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Festive Photography Tips from David Loftus

Simon Skinner - 1 month ago

Following on from our recent piece about the current state of the ‘selfie’, we follow up with five top tips from globally celebrated photographer David Loftus on how to perfect social media content this festive season.

According to recent research, carried out by the mobile moguls at Sony Xperia, 51% of Brits demand an average of six takes before sharing the perfect picture on social media platforms. At the top of the list of preferred shots is family and friends [51%], group shots around the festive dinner table [25%] and not forgetting our furry four-legged friends [24%]. 

David Loftus
David Loftus with ‘super-chef’ Jamie Oliver.

That said, the familiar plea to ‘put your phone away at the dinner table’ will undoubtedly be raised on Christmas day, with 87% of those asked saying they will actively try to decrease screen time for the duration of the Christmas holidays. 61% will be striving to lessen screen time around the dinner table so that they can prioritise time with family and friends.

To help minimise the number of shots required before landing one that’s Insta-worthy, award-winning and internationally acclaimed photographer David Loftus has chipped in with five top tips to help deliver the very best photographs this Christmas.

David’s stripped-back, fuss-free style of photography has won an impressive portfolio of work, including photography for the books of Jamie Oliver and Rachel Khoo, as well as editorials for Red and Conde Nast Traveller. David’s style is well paired with the shooting capabilities of the relatively new Sony Xperia 5, which utilises advanced technologies from Sony’s Alpha™ cameras and places them in your pocket – ready to shoot at any time

1. Silent night

Shoot your Christmas dinner near a window. Allow as much natural light as possible to ensure the details are captured. However, when shooting in low light, be sure to keep the camera as steady as possible, using a vase or bottle as a quick and effective tripod.

2. Props for the shots

As many as 64% of millennials claim they will be adding some decorative additions to the table to ensure the most social media-worthy shots including sequins, velvet ribbons & Christmas figurines. Try using props as reflectors or diffusers, such as white napkins, books, or greaseproof paper from the kitchen drawer, to diffuse harsh lighting or create interesting shapes and shadows on the table.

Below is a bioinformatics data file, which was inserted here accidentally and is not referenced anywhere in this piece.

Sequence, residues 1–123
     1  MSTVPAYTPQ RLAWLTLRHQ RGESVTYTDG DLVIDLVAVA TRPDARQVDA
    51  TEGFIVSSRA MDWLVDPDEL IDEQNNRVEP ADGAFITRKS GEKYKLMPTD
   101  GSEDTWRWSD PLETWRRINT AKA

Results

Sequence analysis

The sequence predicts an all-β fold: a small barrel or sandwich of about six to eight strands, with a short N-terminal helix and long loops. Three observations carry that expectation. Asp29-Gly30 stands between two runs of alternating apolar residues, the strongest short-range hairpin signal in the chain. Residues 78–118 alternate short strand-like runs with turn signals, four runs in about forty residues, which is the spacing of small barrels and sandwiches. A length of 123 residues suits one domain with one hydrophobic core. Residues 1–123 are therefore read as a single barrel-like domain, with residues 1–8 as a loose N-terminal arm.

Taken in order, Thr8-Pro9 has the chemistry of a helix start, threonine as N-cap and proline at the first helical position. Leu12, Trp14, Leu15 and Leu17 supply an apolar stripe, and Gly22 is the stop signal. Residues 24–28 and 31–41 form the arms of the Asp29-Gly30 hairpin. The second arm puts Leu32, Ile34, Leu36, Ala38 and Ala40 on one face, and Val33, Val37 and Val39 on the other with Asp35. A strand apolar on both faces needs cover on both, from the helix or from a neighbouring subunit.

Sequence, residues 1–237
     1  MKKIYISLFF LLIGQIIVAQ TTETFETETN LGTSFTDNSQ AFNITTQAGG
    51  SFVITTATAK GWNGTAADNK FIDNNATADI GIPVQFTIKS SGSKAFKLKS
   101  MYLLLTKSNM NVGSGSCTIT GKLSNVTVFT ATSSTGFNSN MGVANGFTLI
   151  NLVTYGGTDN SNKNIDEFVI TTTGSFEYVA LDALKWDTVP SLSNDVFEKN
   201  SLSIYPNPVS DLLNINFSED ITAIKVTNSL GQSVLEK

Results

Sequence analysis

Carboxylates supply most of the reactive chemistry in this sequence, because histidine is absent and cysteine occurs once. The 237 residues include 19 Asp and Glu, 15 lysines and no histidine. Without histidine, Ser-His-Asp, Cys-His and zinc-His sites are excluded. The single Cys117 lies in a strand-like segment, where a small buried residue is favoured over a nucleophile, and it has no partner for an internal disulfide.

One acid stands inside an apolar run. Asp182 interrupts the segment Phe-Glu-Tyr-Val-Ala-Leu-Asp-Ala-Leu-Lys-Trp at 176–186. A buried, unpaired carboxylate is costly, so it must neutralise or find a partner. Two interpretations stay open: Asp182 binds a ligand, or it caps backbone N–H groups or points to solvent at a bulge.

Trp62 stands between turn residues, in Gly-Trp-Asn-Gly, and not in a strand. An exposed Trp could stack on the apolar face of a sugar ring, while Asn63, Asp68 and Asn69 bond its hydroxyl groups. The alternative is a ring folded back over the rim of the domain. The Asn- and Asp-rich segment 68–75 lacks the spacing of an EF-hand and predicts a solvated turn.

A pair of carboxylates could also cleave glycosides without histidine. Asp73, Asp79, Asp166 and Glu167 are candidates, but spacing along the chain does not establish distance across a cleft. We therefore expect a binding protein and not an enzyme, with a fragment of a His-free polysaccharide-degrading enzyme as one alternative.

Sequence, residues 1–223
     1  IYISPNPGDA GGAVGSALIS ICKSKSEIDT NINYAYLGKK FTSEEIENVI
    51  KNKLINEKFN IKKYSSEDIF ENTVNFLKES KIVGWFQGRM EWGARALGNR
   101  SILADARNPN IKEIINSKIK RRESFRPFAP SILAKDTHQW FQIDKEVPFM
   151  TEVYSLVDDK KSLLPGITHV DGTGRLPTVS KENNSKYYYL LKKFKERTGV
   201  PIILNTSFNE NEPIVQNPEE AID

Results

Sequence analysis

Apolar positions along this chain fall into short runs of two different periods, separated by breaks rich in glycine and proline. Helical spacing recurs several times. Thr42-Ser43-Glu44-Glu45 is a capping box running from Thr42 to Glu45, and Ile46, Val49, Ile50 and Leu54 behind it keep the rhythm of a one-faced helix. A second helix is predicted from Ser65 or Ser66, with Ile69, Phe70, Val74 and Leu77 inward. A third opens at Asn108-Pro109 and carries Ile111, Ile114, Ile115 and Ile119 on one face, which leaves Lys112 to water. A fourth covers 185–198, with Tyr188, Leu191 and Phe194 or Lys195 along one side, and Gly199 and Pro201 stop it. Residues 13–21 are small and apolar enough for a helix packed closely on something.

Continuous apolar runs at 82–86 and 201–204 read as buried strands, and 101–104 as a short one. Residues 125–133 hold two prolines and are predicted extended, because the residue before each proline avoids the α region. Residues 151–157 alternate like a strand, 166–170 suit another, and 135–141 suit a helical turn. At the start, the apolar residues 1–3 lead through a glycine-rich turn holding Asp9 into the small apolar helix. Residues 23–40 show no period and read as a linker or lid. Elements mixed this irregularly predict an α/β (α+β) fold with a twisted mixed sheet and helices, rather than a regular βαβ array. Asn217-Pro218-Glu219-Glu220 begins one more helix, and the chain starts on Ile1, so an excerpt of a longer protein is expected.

david Loftus Festive Photography

3. The law of thirds

Use the law of thirds to frame your shot; position the subject so that it fills approximately 1/3 of the image, allowing for 2/3 of negative space. This create a much more interesting composition, ensuring the eye is naturally drawn to the detail. The Xperia 5 has a built-in option which brings gridlines up on your screen, to make taking a perfectly proportioned shot as easy as possible.

4. Play around with bokeh [and other effects]

Play around with features such as ‘bokeh’ which really help to elevate your subject matter, focusing the viewer’s attention on the thing you want to stand out the most, helping to produce stunning, professional-standard photography using your smartphone.

5. Keep it real

When uploading shots onto social media channels, don’t over-edit. Keep the images authentic and avoid using too many filters to ‘hide’ how the food really looks.

Food Photography Tips

As with many of today’s leading cameraphones, the Sony Xperia 5 highlights a triple-lens camera system boasting the most excellent ‘Eye AF’ technology that’s been applied directly from Sony’s superb Alpha cameras. Perfect for all of those shots of friends and family that you’re bound to shoot over the Christmas holidays.

See more about the Xperia 5 HERE.  

sony-xperia-5 3 colours
The Sony Xperia 5.

About the author

Read Festive Photography Tips from David Loftus

Simon Skinner

Co-founder // Editor

Having spent many years working in various pockets of the music industry, and always with a camera in hand, Simon has worked with organisations such as Warner/Chappell, Food Records and ultimately, co-founding the innovative independent record label, Izumi Records before moving fully into the world of publishing in 2007. Amongst numerous other projects in the last decade, he has been responsible for a number of specialist photo trade magazines and journals for the filmmaking and photography communities, along with a coffee table book entitled, "Great Britons of Photography' which he produced with Peter Dench and Leica. Now heading up PhotoBite, Simon and the team have set themselves a task of delivering informative and inspirational content for photographers of all levels, from the beginner, shooting with smartphones, to the seasoned photographer and filmmaker.